Jan 22, 2019

Iowa City Improving Plant After Violations

A wastewater treatment plant in Sioux City, Iowa, is taking steps to reduce violations and preventing more from occurring

A wastewater treatment plant in Sioux City, Iowa, is taking steps to reduce violations and preventing more from occurring
A wastewater treatment plant in Sioux City, Iowa, is taking steps to reduce violations and preventing more from occurring.

Plant supervisors are continuing with oversights and improvements aimed at preventing a repeat of the activities that resulted in numerous violations and potential state action against the city in Sioux City, Iowa. This is occurring as the court case against one former Sioux City wastewater treatment plant worker begins, according to the Sioux City Journal.

"I think we've got a lot of safeguards in place to keep people on their toes," said Mark Simms, city utilities director, to the Sioux City Journal.

Patrick Schwarte, a former shift supervisor, is expected to plead guilty in U.S. District Court in Sioux City to criminal charges connected to his role in an alleged conspiracy to manipulate water sample test results and use fraudulent testing procedures to ensure the plant's discharges into the Missouri River met federal guidelines, according to the Journal.

The Iowa Department of Natural Resources was tipped off to the activity, believed to have happened from 2012 to 2015.

Tom Roos, environmental specialist senior at the DNR's Spencer office, said the DNR has issued the wastewater treatment plant 15 citations. However, none of them rising to the seriousness that led to the criminal charges.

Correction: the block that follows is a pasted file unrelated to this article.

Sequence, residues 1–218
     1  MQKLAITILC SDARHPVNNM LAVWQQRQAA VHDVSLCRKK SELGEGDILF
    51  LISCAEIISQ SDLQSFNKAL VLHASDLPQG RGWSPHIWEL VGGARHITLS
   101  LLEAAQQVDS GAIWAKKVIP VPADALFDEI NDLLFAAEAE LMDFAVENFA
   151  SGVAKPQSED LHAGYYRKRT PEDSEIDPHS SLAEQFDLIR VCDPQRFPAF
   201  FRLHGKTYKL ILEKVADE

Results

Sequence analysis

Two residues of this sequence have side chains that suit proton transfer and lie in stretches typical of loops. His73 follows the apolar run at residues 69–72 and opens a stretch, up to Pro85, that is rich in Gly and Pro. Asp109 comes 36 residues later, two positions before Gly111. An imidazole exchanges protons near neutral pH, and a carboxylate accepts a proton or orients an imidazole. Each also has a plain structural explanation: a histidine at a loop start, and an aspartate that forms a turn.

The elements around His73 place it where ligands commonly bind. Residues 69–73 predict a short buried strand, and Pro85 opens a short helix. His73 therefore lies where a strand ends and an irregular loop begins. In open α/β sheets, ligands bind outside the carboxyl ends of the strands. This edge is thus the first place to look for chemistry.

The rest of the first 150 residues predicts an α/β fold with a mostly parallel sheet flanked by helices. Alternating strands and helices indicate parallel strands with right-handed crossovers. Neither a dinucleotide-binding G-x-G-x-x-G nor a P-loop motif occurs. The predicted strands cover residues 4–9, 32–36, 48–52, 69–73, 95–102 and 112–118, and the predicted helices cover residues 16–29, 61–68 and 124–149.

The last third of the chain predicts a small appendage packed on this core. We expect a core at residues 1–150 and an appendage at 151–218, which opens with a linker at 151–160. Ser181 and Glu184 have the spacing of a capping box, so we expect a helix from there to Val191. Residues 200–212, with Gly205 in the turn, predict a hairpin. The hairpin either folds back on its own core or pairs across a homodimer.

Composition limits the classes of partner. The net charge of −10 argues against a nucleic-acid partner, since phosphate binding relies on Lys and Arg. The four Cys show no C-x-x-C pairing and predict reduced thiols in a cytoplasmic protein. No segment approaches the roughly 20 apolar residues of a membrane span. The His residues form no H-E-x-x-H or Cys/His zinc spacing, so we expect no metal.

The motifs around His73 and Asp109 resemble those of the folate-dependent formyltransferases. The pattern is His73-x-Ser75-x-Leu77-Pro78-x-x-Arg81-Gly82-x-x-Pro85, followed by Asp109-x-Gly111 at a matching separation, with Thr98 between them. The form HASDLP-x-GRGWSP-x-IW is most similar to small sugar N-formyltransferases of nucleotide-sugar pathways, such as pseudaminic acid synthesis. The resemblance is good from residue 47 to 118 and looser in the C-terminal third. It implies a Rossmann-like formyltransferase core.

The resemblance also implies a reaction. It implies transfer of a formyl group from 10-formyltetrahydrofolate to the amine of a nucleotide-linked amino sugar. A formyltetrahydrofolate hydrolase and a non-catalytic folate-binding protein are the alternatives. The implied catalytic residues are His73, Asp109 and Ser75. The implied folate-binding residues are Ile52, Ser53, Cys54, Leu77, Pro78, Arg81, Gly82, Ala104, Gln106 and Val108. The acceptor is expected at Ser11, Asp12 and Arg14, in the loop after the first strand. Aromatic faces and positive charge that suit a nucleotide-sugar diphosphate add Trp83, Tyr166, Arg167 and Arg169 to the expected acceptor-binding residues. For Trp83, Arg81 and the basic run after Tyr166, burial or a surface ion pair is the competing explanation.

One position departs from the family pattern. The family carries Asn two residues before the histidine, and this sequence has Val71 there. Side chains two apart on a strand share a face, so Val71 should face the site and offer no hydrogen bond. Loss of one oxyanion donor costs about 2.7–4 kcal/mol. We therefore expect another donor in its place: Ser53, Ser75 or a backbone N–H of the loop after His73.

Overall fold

"Looking at this list, it's not a recurring thing. Ninety-nine percent of the time they do a great job," Roos said to the Journal.

He added that he has no concerns with the plant's operation. Roos also said the DNR has not increased scrutiny of the Sioux City plant.

The city is required to sample wastewater once a day to test levels of chlorine, ammonia, suspended solids, grease and numerous other chemicals and compounds and submit a monthly report to the DNR, according to the Journal.

Simms was hired as utilities director in Sep. 2015 and was not with the city when the violations at the center of the legal actions took place according to the Journal. For the first two months after his hiring, samples were taken two or three times during each of the three shifts at the plant. According to Simms, testing has since been reduced to once per shift, meaning the city is still testing three times a day, above the DNR's requirement of one daily sample.

Simms said that treating wastewater is a complex process, given the amount of industrial waste from food processors that the city’s plant receives.

The plant was built in 1961, according to the Journal. The plant receives industrial, commercial and residential wastewater from Sioux City, Sergeant Bluff, South Sioux City, North Sioux City and Dakota Dunes every day. The cleaned and treated water is discharged into the Missouri River in accordance with state and federal regulations.

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